Fresh baked “Fong Bao” from the oven – 方包出爐

Random musings & meditations straight from the oven. Hopefully some food for thought as well…

The Fong Identity

I no longer serve as much as I used to in the Church but I valued the time that I have interacting with the people that I serve with.

Few Sundays ago I was counting offering with Ms. S and we started talking about bits and pieces of the Hong Kong we used to remember. Ms. S is just a bit ahead of me in terms of life experiences and she told me about an interesting conversation she had with a friend.

This friend and her family came & lived in Vancouver for a few years before moving back to Hong Kong just before the takeover in 1997. Shortly after China regained control, Ms. S received an email from the friend and was told that “things have changed.” When asked to elaborate the friend could not provide an explanation or an example, only to say that she “noticed it” and “felt it.” Ms. S had read one of my first loaves where I wrote,

“…….I realized the Hong Kong I remembered and grew up in was nothing but a distant memory.”

So the question was asked, “Can you explain what has changed?”

Like the friend, I couldn’t answer it.

*******

Frozen TreatAfter lunch, Pie Pie Lo and I went to Queensborough Landing (Btw, lots of new shops there) for a bit of grocery shopping and I made a detour to the Marble Slab Creamery for a frozen treat. While I was eating and staring at that bowl of blob (Vanilla ice cream mixed with Skor, Oreo and Butter Finger in a white chocolate waffle bowl), it came to me.

My answer to THAT question.

Hong Kong has lost its uniqueness.

******* 

For people who grew up in the colonial era, we were told, indirectly, we were different and we aspired to be different from those living in the Mainland because we stood for something China was not. We had, supposedly, better education, better opportunities, better infrastructure, better economy, better living standards, etc. We told the world that we were from Hong Kong, not China. We projected the image that we were forward thinkers, not backward farmers. We used to have a specific term in Cantonese to describe those from the Mainland –「阿燦」. Inherently, we believed we were different and, in many ways, superior.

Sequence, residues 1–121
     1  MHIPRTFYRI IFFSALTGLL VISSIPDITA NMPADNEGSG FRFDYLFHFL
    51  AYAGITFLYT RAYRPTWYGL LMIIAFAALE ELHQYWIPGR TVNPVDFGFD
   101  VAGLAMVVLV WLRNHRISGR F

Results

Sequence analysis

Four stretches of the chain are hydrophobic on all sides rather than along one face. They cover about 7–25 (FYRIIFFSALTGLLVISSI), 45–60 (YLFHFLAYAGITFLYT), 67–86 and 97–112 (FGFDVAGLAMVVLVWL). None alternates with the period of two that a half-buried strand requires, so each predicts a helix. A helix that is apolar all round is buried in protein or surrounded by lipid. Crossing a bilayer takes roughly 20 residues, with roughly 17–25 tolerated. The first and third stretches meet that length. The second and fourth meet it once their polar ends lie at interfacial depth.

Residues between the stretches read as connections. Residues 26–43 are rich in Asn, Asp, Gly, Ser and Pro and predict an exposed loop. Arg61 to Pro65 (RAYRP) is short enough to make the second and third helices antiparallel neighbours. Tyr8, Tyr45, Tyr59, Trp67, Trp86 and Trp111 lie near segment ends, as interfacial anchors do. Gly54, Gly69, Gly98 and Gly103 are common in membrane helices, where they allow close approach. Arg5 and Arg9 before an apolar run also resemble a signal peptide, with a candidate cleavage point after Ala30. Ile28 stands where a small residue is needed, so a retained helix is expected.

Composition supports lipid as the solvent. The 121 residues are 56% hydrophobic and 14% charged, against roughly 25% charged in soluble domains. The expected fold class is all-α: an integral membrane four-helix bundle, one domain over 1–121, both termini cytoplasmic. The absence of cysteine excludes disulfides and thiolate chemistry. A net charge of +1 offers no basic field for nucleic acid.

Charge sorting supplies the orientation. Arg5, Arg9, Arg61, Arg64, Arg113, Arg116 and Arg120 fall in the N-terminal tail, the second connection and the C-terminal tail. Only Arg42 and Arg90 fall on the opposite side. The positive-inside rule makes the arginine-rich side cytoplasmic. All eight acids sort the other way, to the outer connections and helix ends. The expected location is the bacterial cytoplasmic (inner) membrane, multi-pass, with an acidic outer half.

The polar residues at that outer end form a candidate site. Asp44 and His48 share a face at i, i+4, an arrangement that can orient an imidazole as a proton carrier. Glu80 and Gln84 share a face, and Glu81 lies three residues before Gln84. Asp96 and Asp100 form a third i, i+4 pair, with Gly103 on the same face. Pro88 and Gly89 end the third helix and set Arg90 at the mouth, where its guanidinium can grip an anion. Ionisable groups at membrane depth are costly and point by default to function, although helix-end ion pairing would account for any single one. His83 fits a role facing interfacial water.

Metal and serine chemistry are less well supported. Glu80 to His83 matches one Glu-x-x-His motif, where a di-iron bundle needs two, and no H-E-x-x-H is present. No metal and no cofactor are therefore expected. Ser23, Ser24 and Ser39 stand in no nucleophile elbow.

The takeover (Noticed I used that word instead of handover) took away that uniqueness. Hong Kong was no longer the exotic British colony; no longer the thriving economic nerve center of Asian Pacific; no longer the pearl of the East orient. It is now just another city in Southern China that’s dependent on the Motherland. It is now Hong Kong SAR, China「中國香港」instead of Hong Kong「香港」.

The Bourne IdentityGranted the 14 years I lived in Hong Kong were all during the colonial era so my perspective is likely to be skewed. And I didn’t write this to disrespect any “Mainlanders” because I’ve known and worked with a lot of them who are geniuely awesome people. Having said that, I cannot deny these are my own personal feelings. Like Jason Bourne, I’m just trying to figure out what happened in the past that shaped my identity today.

Any thoughts?

Btw, Happy Canada Day!

Item du jour

Watched the ceremony live 12 years ago and it actually brought tears to my eyes.

Farewell Ceremony of Hong Kong Handover 1997

3 Comments»

  Kyotea wrote @

I didn’t grow up in HK but there was a difference when I went there. It didn’t have that “we live in HK and we’re awesome attitude”. I wouldn’t call it arrogance … it was that confidence that the people had … they have the best of eastern and western culture. I really like HK (I called it Chinese London back in the day since I love London) but I do think it has its identity taken away … it’s not the Asian epicentre of commerce (esp. not for China – that belongs to Shanghai now). It’s kinda in transition now. I really want to visit KL and Singapore and compare those cities to HK.

  Mui wrote @

It’s not HK…..it’s the world….
That’s why anthropology is such a difficult discipline to study now, because the world is one expansive blob of ice cream with chucks of candy and nuts.

[…] Sadly, despite my Chinese heritage, I could not summon enough patriotism to celebrate the occasion for reasons I’ve mentioned before. I sincerely hope the Motherland will alter my views toward her in the near […]


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